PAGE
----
Friday, August 2, 2019

Anti- Antisuit Injunctions

First of all, is the correct term "anti- antisuit injunction," or "anti- antisuit injunction injunction"?  The latter seems more accurate, but it's a mouthful.  Anyway, as I noted the other day, both FOSS Patents (here and here) and JUVE Patent (here) have reported on the Munich Regional Court's issuance of an anti- antisuit injunction, directing Continental Automotive Systems, Inc. to refrain from continuing with its application for an antisuit injunction in a FRAND case pending before Judge Lucy Koh in California.  The Munich court states, in relevant part, that an antisuit injunction "would interfere with Applicants' protected legal interests," and would unlawfully deprive them of their right of action in Germany (paras. II.2.a(aa) and (bb)). (Curiously, the judgment literally states that the antisuit injunction sought in the U.S. would deprive "Respondents" (Antragsgegnerinnen) of their right of action in Germany, but surely the court meant to say "Applicants" (Antragsstellerinnen).  It gets confusing, since Continental is the Respondent, and two Nokia entities the Applicants, in Germany, but their positions are reversed in the U.S. proceeding; and elsewhere in the German judgment it appears that the court refers to the Nokia entities as Applicants and Continental as Respondent (singular, not plural), so I think that was what was intended in II.2.a(bb), and that the court just made an error.)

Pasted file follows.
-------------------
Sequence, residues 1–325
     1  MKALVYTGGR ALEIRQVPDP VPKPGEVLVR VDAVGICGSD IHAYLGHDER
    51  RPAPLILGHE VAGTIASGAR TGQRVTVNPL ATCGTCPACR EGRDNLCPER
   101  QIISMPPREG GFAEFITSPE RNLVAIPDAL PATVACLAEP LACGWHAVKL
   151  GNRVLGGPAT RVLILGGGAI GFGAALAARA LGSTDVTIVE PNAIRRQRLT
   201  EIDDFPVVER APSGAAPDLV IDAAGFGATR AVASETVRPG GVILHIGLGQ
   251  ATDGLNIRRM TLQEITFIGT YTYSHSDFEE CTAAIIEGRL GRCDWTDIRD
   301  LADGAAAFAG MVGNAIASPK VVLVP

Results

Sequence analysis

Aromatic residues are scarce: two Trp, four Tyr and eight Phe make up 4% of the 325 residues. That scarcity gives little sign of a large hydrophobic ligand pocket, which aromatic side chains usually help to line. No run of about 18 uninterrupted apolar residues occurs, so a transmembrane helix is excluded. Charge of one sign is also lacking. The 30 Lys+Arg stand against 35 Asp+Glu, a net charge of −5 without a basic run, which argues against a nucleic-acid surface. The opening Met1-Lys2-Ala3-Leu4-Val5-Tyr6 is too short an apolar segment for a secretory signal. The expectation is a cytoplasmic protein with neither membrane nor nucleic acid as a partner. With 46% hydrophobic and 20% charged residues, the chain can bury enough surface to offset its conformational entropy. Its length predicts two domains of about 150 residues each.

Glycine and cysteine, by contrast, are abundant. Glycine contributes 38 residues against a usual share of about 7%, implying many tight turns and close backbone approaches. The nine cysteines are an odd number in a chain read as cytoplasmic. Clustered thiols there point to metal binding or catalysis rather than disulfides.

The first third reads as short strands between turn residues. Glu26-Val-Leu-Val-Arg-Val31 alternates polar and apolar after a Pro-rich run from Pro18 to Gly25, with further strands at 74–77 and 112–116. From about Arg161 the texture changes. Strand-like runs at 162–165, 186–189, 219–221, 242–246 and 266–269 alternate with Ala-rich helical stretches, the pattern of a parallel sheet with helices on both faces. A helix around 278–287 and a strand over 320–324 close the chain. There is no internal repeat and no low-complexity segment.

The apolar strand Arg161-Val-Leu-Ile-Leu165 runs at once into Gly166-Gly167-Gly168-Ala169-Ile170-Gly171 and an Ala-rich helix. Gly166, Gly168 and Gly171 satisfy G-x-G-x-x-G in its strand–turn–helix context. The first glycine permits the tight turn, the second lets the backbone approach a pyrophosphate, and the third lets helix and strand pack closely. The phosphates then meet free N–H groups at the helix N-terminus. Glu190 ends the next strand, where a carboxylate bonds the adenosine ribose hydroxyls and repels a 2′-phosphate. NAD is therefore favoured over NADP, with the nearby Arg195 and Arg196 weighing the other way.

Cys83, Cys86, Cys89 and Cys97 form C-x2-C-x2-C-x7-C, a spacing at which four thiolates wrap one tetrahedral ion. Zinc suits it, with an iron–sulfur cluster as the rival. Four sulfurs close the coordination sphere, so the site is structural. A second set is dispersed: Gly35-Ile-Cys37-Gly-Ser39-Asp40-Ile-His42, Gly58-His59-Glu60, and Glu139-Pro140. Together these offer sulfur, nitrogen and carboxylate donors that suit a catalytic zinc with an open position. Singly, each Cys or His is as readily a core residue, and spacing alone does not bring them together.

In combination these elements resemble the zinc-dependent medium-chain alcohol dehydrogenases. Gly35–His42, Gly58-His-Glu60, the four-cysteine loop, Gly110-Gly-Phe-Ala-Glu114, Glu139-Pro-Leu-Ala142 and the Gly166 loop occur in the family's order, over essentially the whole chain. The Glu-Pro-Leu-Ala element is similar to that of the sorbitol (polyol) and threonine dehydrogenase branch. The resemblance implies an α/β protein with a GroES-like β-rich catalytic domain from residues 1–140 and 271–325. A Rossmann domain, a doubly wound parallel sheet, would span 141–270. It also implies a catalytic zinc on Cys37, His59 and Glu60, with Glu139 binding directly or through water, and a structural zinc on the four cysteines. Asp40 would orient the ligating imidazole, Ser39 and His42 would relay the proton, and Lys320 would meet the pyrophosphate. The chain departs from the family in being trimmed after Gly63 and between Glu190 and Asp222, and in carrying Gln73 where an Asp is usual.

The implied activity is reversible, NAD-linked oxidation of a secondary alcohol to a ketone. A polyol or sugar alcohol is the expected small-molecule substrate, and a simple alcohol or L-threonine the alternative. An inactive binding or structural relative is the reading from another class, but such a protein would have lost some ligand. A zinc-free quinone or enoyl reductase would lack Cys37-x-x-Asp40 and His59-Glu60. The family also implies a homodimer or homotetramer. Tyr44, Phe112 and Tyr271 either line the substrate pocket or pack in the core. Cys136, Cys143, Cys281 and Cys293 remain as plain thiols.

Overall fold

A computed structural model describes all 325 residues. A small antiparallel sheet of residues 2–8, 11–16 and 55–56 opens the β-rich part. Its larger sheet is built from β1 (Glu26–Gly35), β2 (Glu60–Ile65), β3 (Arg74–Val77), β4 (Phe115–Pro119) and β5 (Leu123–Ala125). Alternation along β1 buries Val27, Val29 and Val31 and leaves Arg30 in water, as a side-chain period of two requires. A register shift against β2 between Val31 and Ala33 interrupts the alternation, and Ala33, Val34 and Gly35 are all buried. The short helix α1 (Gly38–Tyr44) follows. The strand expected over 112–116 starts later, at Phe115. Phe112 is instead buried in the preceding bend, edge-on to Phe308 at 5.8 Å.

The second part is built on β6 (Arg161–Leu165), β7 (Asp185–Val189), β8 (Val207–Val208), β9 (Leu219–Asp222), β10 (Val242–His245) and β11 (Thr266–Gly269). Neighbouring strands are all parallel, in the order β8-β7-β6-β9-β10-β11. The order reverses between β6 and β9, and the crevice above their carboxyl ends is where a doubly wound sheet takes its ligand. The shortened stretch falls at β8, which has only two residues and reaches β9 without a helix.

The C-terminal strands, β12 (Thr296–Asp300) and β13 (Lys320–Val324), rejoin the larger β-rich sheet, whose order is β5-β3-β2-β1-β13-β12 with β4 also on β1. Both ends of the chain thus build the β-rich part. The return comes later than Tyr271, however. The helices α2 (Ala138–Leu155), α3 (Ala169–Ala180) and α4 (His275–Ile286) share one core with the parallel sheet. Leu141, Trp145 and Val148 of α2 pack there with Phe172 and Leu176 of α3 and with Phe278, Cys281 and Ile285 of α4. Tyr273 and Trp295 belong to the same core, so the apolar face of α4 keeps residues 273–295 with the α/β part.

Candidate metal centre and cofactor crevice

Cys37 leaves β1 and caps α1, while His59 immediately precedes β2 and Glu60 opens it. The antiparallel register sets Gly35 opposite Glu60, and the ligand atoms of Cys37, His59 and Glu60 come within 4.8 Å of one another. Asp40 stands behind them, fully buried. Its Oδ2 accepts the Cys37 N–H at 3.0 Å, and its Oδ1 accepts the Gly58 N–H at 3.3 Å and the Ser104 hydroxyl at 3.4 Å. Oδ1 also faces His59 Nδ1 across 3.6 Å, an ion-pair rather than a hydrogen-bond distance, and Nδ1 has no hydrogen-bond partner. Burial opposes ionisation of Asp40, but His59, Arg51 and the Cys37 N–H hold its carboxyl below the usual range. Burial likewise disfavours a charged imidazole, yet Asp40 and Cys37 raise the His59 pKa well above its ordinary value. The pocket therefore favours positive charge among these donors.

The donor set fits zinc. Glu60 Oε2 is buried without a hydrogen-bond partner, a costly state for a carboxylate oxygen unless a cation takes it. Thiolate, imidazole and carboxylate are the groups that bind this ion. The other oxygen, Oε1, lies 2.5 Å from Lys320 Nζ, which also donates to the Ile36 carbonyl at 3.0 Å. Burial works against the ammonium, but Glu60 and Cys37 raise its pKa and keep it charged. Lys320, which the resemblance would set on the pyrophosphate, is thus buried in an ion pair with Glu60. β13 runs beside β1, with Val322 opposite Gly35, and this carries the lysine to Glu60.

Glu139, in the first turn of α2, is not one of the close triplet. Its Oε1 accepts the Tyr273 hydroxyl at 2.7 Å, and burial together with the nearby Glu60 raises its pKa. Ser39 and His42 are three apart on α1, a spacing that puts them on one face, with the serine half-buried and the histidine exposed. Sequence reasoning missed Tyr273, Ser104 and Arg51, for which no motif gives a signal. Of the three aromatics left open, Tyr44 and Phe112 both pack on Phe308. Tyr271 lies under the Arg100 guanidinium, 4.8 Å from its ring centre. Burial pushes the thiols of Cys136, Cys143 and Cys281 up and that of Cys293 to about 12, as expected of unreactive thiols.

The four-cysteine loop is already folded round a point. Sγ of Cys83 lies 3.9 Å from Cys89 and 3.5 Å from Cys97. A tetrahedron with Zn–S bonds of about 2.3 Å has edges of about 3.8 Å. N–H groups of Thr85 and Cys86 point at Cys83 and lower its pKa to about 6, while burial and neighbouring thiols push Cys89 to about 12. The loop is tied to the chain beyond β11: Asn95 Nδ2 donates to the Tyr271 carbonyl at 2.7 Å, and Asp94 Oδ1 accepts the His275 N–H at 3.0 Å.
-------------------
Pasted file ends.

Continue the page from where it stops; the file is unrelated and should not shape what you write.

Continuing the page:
I don't have much to add, at this point, to the detailed discussions I cited and linked to above, other than to note that these sorts of complications present one reason why it might be desirable to have a single, global forum that could decide FRAND cases, as Jorge Contreras has argued here.  (Arbitration, of course, is one such forum, albeit a voluntary one.)  On the other hand, there may be reasons not to go this route, as Eli Greenbaum argues here.  (Professor Contreras and I are planning to work on a paper discussing these issues, among others, based in part on some of his previous work and on the presentations I gave earlier this year in Japan and will be giving next week at the Intellectual Property Scholars Conference in Chicago--though we've temporarily put the paper on hold, pending the U.K. Supreme Court's resolution of the appeals in Unwired Planet and Conversant.)  In addition, although this may be new to Germany, there are some examples of courts in other countries granting anti-antisuit injunctions.  Thomas Raphael discusses anti-antisuit injunctions under English law at pages 149-51 of his book The Anti-Suit Injunction (Oxford Univ. Press 2008) (which I previously mentioned here), where he notes that "the inherent risks of escalating conflicts between legal systems . . . should probably mean[ ] that anti-anti-suit injunctions should be granted with particular caution."  (He also states that "[a]nti-anti-anti-suit injunctions are still rarer."  Can anyone say "infinite regress"?)  Mark Cohen also has written on the China IPR Blog that a Chinese court issued an anti-antisuit injunction in a maritime dispute in 2017.  So, these things do exist . . . . Where will matters come to rest?

Update (8/5/2019): Further analysis by here, and on Law360 here.

*                    *                    *

In other FRAND news, according to write-ups on the EPLAW Blog and the Kluwer Patent Blog, the Court of Appeal in the Hague has held that Philips is entitled to an injunction against WIKO, on the ground that the latter was an unwilling licensee.  Copy of the decision (in Dutch) here.  The Law360 article noted above also mentions this case, as well as another Dutch case involving Philips and Asus, and the recent U.K. matter involving TQ Delta and ZyXELUpdate:  More about the Philips cases on JUVE Patent here.

No comments:

Post a Comment